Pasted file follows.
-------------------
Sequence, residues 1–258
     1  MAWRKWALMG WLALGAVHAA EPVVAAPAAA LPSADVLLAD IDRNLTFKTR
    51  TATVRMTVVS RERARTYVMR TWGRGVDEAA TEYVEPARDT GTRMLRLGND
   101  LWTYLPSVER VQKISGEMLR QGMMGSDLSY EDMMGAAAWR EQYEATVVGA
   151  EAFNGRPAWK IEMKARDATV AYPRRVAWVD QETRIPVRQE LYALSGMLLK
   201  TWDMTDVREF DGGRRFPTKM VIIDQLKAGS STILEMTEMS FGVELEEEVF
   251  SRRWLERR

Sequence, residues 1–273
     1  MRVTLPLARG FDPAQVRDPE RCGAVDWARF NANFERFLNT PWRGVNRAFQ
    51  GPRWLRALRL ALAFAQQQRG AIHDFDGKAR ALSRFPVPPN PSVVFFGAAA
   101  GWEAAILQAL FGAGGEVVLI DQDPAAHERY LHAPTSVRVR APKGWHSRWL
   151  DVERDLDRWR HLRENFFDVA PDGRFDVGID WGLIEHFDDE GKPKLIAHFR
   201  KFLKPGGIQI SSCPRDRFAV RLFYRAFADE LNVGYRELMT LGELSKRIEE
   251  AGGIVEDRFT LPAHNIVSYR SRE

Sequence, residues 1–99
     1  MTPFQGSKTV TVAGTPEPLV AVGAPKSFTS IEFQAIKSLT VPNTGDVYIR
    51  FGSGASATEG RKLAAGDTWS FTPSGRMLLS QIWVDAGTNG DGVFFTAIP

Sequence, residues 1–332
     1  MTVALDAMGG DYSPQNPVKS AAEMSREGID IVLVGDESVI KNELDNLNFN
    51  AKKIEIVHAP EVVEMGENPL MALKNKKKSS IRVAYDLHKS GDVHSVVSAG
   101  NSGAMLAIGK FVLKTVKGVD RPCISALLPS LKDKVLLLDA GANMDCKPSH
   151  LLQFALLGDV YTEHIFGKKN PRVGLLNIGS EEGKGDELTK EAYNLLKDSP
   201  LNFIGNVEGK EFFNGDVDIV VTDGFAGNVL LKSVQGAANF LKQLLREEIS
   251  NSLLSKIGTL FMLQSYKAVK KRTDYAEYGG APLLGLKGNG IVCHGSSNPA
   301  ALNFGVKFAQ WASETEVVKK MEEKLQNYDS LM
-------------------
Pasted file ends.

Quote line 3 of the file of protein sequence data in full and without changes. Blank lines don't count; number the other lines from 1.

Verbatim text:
    51  TATVRMTVVS RERARTYVMR TWGRGVDEAA TEYVEPARDT GTRMLRLGND